Hearing to detail runoff fee plan
Property owners may foot bill to reduce sediment in streams
A public hearing in Greencastle next month might give area property owners a sense of the annual cost they potentially face to reduce sediment in streams.
Greencastle recently posted the amounts of stormwater fees for each property owner there, and while most are between $100 and $200 a year, there are some — apparently for business properties — much larger, including one of $33,000, one of $15,000 and two of $14,000.
Federal and state governments are pushing local leaders to reduce the amount of sediment stormwater carries into area streams.
Eleven Blair County municipalities are charged with reducing stormwater pollutants by 10 percent to comply with tightening federal and state regulations. Ten of those municipalities have formed the Intergovernmental Stormwater Committee, a council of governments, to develop shared projects to meet the new standards.
An issue still to be decided is how each municipality will pay its share.
Greencastle is assessing a fee on each property, and some owners are upset by the amounts. Those fees will be the subject of a state Senate Environmental Resources and Energy Committee hearing on Sept. 11 in Greencastle.
A representative from state Sen. Judy Ward suggested the ISC participate in the hearing, which she requested because of the complaints from Greencastle property owners — both businesses and residents — as well as complaints from municipal officials about the cost of complying with the Municipal Separate Storm Sewer System, or MS4, requirements, Ward staffer Michele Ivory said.
The hope is that the committee can offer clarification on those requirements and afterward do something “to make (them) a little easier to deal with” — maybe with new legislation or a funding program, Ivory said.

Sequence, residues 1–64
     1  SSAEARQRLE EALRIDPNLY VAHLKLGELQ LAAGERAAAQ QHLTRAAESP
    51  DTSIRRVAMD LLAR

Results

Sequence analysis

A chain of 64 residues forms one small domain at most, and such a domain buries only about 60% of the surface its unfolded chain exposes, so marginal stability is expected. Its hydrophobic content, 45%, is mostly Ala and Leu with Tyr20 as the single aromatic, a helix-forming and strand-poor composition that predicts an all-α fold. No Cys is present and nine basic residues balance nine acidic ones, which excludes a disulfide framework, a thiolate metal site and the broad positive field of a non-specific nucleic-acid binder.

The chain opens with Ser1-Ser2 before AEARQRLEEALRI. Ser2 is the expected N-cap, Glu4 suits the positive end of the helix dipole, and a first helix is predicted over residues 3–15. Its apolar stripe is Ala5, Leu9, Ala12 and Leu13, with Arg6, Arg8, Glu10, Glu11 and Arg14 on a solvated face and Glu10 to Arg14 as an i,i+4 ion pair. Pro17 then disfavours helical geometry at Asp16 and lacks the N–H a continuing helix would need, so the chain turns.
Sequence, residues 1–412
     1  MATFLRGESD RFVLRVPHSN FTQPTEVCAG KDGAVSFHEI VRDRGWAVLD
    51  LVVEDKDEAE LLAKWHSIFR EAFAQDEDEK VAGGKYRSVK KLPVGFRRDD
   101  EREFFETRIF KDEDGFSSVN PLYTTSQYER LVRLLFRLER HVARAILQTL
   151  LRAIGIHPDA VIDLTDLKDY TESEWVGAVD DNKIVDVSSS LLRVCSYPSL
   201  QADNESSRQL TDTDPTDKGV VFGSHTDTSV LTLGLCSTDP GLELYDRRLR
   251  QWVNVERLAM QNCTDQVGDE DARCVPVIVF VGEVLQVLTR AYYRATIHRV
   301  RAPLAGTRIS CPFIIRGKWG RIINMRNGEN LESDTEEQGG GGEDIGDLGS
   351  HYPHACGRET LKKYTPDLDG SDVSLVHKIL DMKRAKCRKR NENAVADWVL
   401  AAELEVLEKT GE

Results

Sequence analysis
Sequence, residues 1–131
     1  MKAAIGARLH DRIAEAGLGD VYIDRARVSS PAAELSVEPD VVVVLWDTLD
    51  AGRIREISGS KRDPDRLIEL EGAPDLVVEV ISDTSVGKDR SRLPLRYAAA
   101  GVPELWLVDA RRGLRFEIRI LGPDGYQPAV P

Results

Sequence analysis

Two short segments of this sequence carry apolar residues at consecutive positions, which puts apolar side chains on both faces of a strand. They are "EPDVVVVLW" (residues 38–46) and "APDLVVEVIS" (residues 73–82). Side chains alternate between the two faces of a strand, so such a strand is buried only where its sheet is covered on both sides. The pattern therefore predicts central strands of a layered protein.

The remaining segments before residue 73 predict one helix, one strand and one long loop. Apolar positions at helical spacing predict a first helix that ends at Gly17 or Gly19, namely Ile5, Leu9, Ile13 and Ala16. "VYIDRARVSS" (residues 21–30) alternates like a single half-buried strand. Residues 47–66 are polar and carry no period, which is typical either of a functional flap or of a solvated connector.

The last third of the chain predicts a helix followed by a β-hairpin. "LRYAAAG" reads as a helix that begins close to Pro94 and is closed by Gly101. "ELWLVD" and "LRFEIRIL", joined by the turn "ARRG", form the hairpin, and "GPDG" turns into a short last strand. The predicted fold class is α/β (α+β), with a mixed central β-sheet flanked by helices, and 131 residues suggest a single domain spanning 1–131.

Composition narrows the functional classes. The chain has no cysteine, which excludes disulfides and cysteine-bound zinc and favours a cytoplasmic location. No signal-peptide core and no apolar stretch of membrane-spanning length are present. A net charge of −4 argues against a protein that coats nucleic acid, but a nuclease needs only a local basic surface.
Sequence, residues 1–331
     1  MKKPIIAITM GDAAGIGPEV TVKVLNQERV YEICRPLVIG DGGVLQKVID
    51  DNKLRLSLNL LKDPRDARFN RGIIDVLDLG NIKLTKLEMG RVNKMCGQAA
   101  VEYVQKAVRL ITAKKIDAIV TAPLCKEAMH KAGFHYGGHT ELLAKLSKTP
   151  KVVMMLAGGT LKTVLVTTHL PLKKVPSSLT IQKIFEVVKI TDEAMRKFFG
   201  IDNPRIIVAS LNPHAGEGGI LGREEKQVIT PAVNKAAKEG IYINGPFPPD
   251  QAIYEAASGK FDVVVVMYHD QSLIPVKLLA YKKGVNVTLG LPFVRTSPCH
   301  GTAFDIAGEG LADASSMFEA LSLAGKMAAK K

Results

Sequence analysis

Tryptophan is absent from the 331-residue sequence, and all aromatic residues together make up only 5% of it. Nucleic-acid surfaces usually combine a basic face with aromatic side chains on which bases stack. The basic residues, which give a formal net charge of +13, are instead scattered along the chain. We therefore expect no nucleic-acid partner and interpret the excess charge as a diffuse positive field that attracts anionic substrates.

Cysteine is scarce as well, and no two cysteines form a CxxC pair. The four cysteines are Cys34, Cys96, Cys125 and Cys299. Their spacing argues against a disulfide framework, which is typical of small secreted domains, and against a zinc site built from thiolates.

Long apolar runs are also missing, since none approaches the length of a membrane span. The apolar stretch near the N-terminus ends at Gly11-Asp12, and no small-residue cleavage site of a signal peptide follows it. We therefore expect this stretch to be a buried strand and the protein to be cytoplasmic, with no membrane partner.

Ward would like the state Department of Environmental Protection to send a representative, Ivory said.
Lucas Martsolf, manager of Antis Township and a member of the ISC, plans to participate.
Martsolf has spoken of the need for municipal governments to focus on the MS4 issue, which he and others call a “new utility.”
“I just foresee it being a continued costly expense,” he said.
It’s one that higher-level governments have left “to local governments to explain” — and pay for — and “it didn’t arise from a local perspective,” he said.
Greencastle’s Stormwater Pollutant Impact Fee amounts to $5.36 per 100 square feet of impervious area for each developed property — although it is charged only on 83 percent of each property’s impervious area, as a hedge against potential erroneous calculations, according to an engineering report posted on the Greencastle website.
Bills are quarterly.
The fee is designed to cover the projected $650,000 annual cost over the next 10 years — two MS4 permit periods — of projects designed to meet the borough’s sediment-reduction goals and to maintain and enhance its regular storm sewer system, according to the engineering report.
The report acknowledges the difficulty of accurate cost predictions beyond a couple of years, but argues that the predictions need to be made to avoid having to adjust the fee schedule before a decent interval has elapsed.
The fee will need to fund two proposed stream restoration projects and debt service payments for a stormwater infrastructure project designed to reduce flooding in two neighborhoods, according to the report. It will also pay for personnel costs, some of which are percentage allocations for administrative time spent on stormwater issues.
“The (MS4) program is a political hot button causing alarm from some who lack the desire to (be subject to) another government imposed fee,” the report states.
Greencastle’s approach is “well-thought-out,” said ISC member Ed Silvetti, a Blair Township supervisor.
Different municipalities are approaching the matter differently, Ivory said.
“Everybody is trying to look for help,” Martsolf said at the ISC meeting.
It’s important to get municipal MS4 costs on the record, said Tim Brown, Logan Township manager and ISC chairman.